I recently acquired 'inbox' and 'outbox' bins, and decided to use them for my desk at home. It seemed so organised and business-like, I was sure it would increase my student-y efficiency and reduce desk clutter. Desk clutter is a terrible problem. Clutter abhors a bare space; the larger the surface area of my desk, the more the clutter expands to cover it. Then it peers over the edges, sees a bare floor, and with an excited squeak, dives over to colonise. Well, what else to do with a floor except stack things that don't seem to belong elsewhere?
Anyway, I put the two black bins in the corner of my desk and vowed to use them religiously. I was sure they would save me time and effort. To the contrary: they've been wasting both. I now spend an inordinate amount of time ruminating on the true 'in-out' nature of things. Inboxes and outboxes seem simple enough, but just try thinking about them for a few minutes and it can make you go dizzy, fill you with uncertainty, and grind all decisive action to a halt.
Take a bank statement, for example. If I haven't written any checks all month (and I prefer to use cash to prevent super-budgetary spending), there's nothing to do with it when it comes in except file it away. So should I put it in the inbox, because it just arrived and needs to be dealt with, or should I put it in the outbox, because the dealing that needs to be dealt entails getting rid of it? (I could probably save the headache by just filing it right away, but then what would be the point of inboxes and outboxes?)
And don't forget the class bulletin for college. It arrived in the mail, so I tucked it neatly into the inbox, feeling rather proud of having got that move straight. When I had the time, I pulled it out and mapped out a schedule of courses. Then the quandary: does it go into the outbox, because there is nothing more I can do with it? But the very essence of an outbox connotes that the contents are going somewhere, and the schedule isn't going anywhere until registration day. On the other hand, it can't go back into the inbox, because that's just silly.
For a while I thought about adding a 'pending' box, but restrained myself. If I create a box for pending, it would soon be overflowing, and nothing would ever get done. And once I start proliferating boxes, God knows where it'll end. I'd have to make a box for 'started thinking about' and a box for 'started working on' and 'partially finished' box and oh, the possibilities are endless. So absolutely no pending box. Instead, I compromised, and created a pile in the opposite corner of my desk for 'stuff that doesn't belong anywhere'. Every once in a while, in the name of cleaning up, I shuffle through this stack to ensure that I really don't have any place better to put any of it. Also in the pile are letters and cards from friends, scrap paper, old notes, and invitations, after they come out of the inbox (before the event, one hopes). This way, I review them occasionally; there's that moment of panic when I realize that the date is past, and then the moment of relief when I remember that I was duly attendant. Or else there's a moment of relief when I realize that I was not duly attendant. (Funny how that works.)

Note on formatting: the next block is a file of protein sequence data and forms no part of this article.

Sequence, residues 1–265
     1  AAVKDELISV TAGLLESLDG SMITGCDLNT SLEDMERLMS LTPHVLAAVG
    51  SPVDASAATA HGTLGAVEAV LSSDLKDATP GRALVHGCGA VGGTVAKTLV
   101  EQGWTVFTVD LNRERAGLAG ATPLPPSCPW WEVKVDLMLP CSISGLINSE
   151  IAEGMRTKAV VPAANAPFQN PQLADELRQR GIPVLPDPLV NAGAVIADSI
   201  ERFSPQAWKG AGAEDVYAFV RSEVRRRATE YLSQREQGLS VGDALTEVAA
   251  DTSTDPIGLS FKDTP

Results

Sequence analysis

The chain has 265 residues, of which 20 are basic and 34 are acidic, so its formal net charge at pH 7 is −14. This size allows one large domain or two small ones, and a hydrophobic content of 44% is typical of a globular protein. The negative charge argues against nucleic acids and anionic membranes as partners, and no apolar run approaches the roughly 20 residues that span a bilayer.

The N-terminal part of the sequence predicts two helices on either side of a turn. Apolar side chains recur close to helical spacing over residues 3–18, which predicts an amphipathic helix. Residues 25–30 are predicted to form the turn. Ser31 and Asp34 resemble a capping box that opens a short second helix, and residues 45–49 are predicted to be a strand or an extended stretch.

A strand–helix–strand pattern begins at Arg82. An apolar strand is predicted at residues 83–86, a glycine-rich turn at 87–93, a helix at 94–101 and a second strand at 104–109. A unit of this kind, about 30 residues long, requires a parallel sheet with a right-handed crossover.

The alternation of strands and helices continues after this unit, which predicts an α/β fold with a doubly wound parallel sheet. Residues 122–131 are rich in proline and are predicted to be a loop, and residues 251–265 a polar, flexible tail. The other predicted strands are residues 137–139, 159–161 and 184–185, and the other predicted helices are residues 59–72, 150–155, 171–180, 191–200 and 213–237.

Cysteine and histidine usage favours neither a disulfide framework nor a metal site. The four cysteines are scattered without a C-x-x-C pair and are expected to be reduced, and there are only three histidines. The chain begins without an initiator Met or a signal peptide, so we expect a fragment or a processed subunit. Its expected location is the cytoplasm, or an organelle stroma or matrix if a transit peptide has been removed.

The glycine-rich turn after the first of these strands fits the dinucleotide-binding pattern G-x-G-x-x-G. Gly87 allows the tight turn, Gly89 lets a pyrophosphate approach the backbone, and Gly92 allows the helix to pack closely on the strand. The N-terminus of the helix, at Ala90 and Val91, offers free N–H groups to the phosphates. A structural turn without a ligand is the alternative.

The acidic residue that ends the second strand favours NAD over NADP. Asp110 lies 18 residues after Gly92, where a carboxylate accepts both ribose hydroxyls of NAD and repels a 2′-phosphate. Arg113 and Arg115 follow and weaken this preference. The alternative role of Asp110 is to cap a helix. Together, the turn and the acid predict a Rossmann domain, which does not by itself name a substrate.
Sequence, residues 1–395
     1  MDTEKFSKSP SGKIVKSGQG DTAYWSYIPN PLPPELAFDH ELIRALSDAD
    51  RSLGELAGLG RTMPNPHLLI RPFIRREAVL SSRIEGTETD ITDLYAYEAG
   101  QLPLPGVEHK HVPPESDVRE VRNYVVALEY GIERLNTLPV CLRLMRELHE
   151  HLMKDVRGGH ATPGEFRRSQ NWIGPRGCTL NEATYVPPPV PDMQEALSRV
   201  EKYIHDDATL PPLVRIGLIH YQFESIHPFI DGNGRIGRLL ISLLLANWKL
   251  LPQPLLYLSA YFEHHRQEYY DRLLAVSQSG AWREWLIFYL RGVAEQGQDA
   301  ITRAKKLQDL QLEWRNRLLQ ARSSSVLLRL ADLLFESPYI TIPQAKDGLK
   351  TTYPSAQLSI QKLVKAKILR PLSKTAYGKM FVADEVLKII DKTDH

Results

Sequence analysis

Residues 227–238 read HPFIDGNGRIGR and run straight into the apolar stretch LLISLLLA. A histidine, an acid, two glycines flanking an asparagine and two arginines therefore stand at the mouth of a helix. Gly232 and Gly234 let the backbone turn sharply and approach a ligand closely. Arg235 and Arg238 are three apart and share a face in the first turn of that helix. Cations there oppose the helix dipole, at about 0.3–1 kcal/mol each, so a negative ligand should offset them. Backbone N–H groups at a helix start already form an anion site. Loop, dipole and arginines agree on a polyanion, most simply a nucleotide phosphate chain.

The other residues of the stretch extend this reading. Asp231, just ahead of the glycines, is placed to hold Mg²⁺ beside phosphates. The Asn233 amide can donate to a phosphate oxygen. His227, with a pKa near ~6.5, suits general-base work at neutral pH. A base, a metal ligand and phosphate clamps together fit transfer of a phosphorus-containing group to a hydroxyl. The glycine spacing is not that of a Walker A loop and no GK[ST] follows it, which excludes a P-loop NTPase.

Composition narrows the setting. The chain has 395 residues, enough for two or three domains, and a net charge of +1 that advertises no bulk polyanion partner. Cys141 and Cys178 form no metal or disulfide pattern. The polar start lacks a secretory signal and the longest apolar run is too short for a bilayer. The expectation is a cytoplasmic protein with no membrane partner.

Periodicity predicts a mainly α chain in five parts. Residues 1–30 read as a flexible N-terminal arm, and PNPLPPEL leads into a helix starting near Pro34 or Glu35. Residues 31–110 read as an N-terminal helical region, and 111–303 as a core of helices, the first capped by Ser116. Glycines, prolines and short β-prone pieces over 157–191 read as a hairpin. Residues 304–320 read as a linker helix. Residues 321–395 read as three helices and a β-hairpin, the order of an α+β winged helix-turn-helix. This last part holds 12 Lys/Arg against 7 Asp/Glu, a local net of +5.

There is some issue with the fact that the inbox is underneath the outbox. This means that I rarely notice the things in the inbox, which means I rarely take care of them. Every now and then when I'm in middle of some heavy duty procrastinating, I'll yank everything out and go through it to reassure myself that I don't feel like taking care of any of it and it isn't urgent yet (or else it's past due and doesn't matter), then shove it back in and get on with the procrastinating.
I would say that the whole business has been a failure, but that isn't quite true. Instead of my things being neatly organised into piles on the desk and floor, everything is now mashed together into these two boxes. (Mashed because it is impossible to make things neat in there, due to their varying sizes and shapes. I mean, it's hard enough to stack different sizes of papers and envelopes, but currently my outbox also contains a spatula and a towel. Have you ever tried making a neat stack out of a sheaf of papers, some envelopes, and a spatula? It just doesn't go.) So as a clutter-consolidator, it's tops. It's also easier to find things, because I never have to wonder if they're lying around my bed waiting to be put somewhere, if they're in the right pile on the floor, if they're in the 'Do this NOW' pile on my desk, or if they're in the 'Do this YESTERDAY' pile under my pillow. I know that whatever their urgency status is, they're bound to be in either the inbox or the outbox. Unless I've filed them away somewhere. If they've been filed, they're lost forever—for who can divine the logic of man when he concocts a filing system? But that's another story.